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Contract delay hurts Lansing vaccine firm

Lansing State Journal

WASHINGTON -- A Lansing-based vaccine manufacturer could be out of business soon if the federal government fails to follow through with a commitment to buy 5 million doses of its anthrax vaccine, U.S. Rep. Mike Rogers said last week.

For a year, Rogers said, officials at the Department of Health and Human Services have been telling him a contract with BioPort Corp. is imminent. As of Friday, no contract had been signed.

Last year, the department bought 5 million doses of the vaccine at a cost of $122 million for the nation's stockpile of medicines, called Project BioShield, that would be used to protect Americans from a terrorist attack.

The 10 million doses are supposed to act as a bridge until a new type of anthrax vaccine is developed by a competitor, VaxGen of Brisbane, Calif. That company has an $877.5-million contract with HHS to deliver 75 million doses of its vaccine to the stockpile starting this year. VaxGen is six months to a year behind schedule and having problems getting its vaccine to work properly.

Rogers is concerned that BioPort, the nation's only anthrax vaccine manufacturer licensed by the Food and Drug Administration, might be forced to close if the contract doesn't come through soon. The company employs 325 people at its Lansing plant and another 125 at a research facility in Maryland.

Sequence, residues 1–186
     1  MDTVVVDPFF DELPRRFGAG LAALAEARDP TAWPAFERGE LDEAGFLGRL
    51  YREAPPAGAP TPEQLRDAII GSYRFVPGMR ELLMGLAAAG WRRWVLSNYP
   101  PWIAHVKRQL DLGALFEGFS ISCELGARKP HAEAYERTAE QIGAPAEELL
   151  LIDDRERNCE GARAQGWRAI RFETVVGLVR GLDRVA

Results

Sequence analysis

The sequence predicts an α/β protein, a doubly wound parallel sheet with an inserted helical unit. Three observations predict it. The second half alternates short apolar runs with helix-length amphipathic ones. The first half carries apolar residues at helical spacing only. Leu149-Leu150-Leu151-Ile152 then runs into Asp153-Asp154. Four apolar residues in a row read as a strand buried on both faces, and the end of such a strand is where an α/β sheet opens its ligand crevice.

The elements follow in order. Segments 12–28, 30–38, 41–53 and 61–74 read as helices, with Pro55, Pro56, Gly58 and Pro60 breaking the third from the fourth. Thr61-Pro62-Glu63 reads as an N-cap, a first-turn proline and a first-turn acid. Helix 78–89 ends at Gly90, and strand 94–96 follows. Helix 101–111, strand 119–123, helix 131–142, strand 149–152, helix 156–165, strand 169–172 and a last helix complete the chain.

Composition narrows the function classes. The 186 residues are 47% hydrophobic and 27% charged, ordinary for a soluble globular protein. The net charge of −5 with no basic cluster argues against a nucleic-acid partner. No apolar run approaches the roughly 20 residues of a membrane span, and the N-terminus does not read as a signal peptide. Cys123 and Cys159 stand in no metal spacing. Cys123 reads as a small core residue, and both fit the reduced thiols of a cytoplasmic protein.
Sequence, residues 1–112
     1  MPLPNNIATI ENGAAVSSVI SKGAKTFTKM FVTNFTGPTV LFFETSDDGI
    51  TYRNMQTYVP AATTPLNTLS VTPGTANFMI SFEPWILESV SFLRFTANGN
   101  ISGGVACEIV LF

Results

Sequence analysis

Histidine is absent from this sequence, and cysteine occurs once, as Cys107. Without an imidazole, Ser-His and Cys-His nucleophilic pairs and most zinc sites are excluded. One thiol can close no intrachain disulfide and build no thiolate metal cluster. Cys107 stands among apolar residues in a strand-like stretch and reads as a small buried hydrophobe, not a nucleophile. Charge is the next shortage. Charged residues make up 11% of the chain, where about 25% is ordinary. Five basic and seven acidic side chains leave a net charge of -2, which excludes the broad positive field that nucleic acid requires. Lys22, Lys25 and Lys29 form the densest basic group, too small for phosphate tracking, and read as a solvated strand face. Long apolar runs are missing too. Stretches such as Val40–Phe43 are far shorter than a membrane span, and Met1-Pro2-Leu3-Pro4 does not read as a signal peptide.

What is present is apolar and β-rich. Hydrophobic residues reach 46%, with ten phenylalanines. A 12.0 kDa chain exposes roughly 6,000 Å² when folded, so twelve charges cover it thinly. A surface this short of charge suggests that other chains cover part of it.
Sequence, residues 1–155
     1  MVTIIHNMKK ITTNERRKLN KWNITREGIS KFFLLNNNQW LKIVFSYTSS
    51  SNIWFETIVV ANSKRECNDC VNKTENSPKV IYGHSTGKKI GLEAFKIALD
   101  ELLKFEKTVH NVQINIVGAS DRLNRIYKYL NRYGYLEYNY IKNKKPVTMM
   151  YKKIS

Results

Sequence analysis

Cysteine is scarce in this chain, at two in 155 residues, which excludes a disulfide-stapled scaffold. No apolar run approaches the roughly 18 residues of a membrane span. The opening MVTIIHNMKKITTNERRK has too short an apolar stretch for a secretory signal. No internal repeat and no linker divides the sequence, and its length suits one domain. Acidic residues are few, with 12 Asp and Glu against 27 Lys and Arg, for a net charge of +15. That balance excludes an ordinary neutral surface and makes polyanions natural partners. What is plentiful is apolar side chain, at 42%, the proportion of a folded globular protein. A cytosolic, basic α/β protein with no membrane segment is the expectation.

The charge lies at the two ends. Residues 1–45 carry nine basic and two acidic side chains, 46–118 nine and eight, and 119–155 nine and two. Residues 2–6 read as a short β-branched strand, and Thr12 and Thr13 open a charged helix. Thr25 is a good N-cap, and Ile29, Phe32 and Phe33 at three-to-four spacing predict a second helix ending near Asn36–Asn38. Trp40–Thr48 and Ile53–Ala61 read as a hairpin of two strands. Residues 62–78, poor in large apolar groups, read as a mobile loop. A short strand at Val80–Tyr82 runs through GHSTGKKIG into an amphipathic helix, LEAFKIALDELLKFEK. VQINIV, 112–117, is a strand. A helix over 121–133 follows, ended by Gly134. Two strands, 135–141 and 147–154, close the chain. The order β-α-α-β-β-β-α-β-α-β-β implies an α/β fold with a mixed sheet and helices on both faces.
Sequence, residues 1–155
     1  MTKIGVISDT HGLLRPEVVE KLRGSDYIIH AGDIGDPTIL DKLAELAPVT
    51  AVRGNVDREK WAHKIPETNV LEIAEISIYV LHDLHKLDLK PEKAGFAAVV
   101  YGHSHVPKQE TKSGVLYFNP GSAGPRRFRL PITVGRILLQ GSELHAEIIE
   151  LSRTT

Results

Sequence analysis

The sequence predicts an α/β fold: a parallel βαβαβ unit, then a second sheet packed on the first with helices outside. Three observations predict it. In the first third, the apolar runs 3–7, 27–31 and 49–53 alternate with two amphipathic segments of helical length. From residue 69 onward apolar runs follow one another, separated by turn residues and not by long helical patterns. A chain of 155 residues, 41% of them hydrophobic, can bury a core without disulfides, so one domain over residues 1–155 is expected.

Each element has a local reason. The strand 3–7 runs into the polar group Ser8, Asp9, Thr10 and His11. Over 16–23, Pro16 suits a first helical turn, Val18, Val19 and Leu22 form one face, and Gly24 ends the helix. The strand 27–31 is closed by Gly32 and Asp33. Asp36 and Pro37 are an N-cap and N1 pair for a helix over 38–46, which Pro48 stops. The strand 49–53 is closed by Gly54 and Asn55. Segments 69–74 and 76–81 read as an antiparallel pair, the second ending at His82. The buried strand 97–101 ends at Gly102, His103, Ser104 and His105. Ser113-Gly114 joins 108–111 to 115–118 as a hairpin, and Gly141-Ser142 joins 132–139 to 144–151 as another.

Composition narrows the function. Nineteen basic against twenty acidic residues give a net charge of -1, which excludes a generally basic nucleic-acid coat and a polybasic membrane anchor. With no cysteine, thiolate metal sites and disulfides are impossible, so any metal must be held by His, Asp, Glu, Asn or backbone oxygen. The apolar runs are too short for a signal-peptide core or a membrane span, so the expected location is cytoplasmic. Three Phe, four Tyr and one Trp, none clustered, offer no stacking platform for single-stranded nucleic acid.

BioPort President and Chief Executive Officer Robert Kramer declined to say whether his company is considering laying off employees. In October, the firm let 38 workers go. BioPort is also developing vaccines for botulism and typhoid fever.

"If (BioPort) goes away, that's it. We have no FDA-approved company in the U.S.," Rogers said.

"We are right now very much dependent upon a commitment by the federal government, both the Department of Defense and Health and Human Services, for procurement of the product," Kramer said.

Both BioPort and VaxGen have had financial and production problems before.

It took BioPort three years to get an FDA license after it bought its Lansing plant from the State of Michigan in 1998 and renovated it. The military invested $125 million in the plant to help get it running.

VaxGen was delisted by Nasdaq in 2004 and is redoing some of its annual financial statements.

Rogers is calling on the House Energy and Commerce Committee, which has jurisdiction over the BioShield stockpile, to investigate the way HHS is handling the anthrax vaccine contracts.